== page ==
Kerri Bartlett,Scott Broden,Kenya AndersonMurfreesboro Daily News Journal
As private schools grapple with grief over the tragedy at The Covenant School Monday in Nashville, they are also examining present and future safety protocols to best protect children.
Three children and three adults died Monday at the private Christian school in Nashville, the episode ending when police killed an armed intruder, who forcibly entered the school.
Among those seeking to protect children and adults is Sister Catherine Marie, the principal at Saint Rose of Lima Catholic School in Murfreesboro.
"Our hearts go out to the people at The Covenant School," Sister Catherine Marie said. "Our school community has prayed for the faculty, staff, students and families of the Covenant community."
Saint Rose hired a school resource officer in January to protect a school serving 395 children. The SRO has 11 years of experience as a police officer for the Metro Nashville and Lebanon forces, the principal said.
The Catholic Schools Office of the Diocese of Nashville provides experts to Saint Rose to evaluate campus safety and lead training for all teachers on crisis issues annually, Sister Catherine Marie said.
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Many private, independent and Christian schools around Middle Tennessee seem to be following suit, strengthening safety plans by budgeting for a full-time armed law enforcement officers funded by tuition costs or fundraising.
"It’s a matter of putting best practices in placebased on what we know," the principal said.
The school, for example, had a Metro Nashville Police Department expert evaluate the campus for safety purposes, and a parent committee was involved in seeking better safety protocols.
"And from that, we made the decision to hire an SRO," Sister Catherine Marie said.
According to Myra McGovern, spokesperson for National Association of Independent Schools representing 2,000 institutions, no sweeping document exists dictating safety protocols for private schools, unlike larger public school districts that have standard emergency plans across multiple campuses.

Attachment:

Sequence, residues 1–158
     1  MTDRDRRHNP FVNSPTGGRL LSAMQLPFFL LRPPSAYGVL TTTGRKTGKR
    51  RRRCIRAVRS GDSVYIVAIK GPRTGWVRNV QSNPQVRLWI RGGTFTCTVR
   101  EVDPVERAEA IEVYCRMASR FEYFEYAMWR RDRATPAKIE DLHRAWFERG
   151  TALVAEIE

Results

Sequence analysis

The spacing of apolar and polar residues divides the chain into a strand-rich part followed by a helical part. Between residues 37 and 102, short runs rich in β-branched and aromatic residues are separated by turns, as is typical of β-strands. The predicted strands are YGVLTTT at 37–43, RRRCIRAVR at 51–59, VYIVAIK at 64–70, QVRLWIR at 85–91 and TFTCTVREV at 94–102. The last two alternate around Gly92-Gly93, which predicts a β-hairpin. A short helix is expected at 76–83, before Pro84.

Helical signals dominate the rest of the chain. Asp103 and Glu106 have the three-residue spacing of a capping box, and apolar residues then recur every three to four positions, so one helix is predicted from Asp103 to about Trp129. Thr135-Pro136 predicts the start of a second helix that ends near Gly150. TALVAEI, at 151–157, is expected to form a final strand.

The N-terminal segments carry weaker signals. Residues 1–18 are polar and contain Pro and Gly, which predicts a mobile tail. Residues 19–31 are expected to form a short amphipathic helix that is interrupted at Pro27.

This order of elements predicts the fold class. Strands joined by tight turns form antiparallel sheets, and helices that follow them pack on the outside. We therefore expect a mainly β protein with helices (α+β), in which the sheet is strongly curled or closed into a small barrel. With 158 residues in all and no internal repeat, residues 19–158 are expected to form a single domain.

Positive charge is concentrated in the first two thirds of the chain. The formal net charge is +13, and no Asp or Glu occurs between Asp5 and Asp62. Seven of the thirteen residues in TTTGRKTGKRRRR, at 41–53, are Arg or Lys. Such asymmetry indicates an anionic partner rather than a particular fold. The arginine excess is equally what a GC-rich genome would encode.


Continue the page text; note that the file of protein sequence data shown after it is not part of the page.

"At private schools, emergency plans are very specific to a campus and tailored to its population with specific needs," McGovern said. "I feel that's a benefit.
"Some campuses are located in urban areas, while some are located in rural areas, and some have boarding schools. Needs vary a lot. All schools are looking at keeping students safe."
Like most schools public and private, Saint Rose keeps the doors locked before allowing visitors to enter the school. The campus also uses Raptor technology to capture the image of a school visitor and do a background check using the sex offender registry, also another common practice among public and some private schools.
"We are protective of who’s exposed to our students," Sister Catherine Marie said.
The principal would like to see the nation find solutions to violence.
"There needs to be awareness of the need for mental health services and strong communities of faith," Sister Catherine Marie said.
Although hiring an armed officer as part of safety plans might be fairly new to private schools, public schools in Middle Tennessee adopted the practice in the early 1990s.
When SROs arrived in Tennessee
Tennessee's standard for providing SROs started with Rutherford County in 1993 with former Sheriff Truman Jones. He provided an initial pilot of one SRO at five campuses: La Vergne, Oakland and Riverdale high schools, and Central and Smyrna middle schools.
Rutherford County Schools now has at least one SRO at every campus and two at the larger high schools for a district with 50 schools, serving nearly 51,000 students.
The Murfreesboro City Police Department also provides an SRO in each of the city's 14 school buildings.
Dating back to 1999, Maury County Public Schools also became one of the first school districts in the state to equip each school, almost 20 back then, with a school resource officer.
"I am proud of the foresight we had back then," said Don Morrow, retired Maury County Commission Chairman of the Board. The commission first began the conversation in 1996, following a school shooting in nearby Giles County at Richland High School, and then in 1999 a mass shooting occurred at Columbine High School in Colorado.
"It was for more than safety. We thought it was good for the kids to see the officers on campus and know they are the good guys, a support to them."
Sandy Hook sets next stage for securing SROs
Although Rutherford and Maury counties got a head start in funding SROs, the tipping point for Williamson County was the 2012 school shooting at Sandy Hook Elementary School, in Newtown Connecticut, which claimed 28 lives.
It wasn’t 48 hours after the tragedy, the hurt still fresh, before the Williamson County Commission and county school board agreed to fund an SRO in each elementary school in addition to its middle and high schools.
TN's first SROs established in 1993: Rutherford County's first school resource officer retires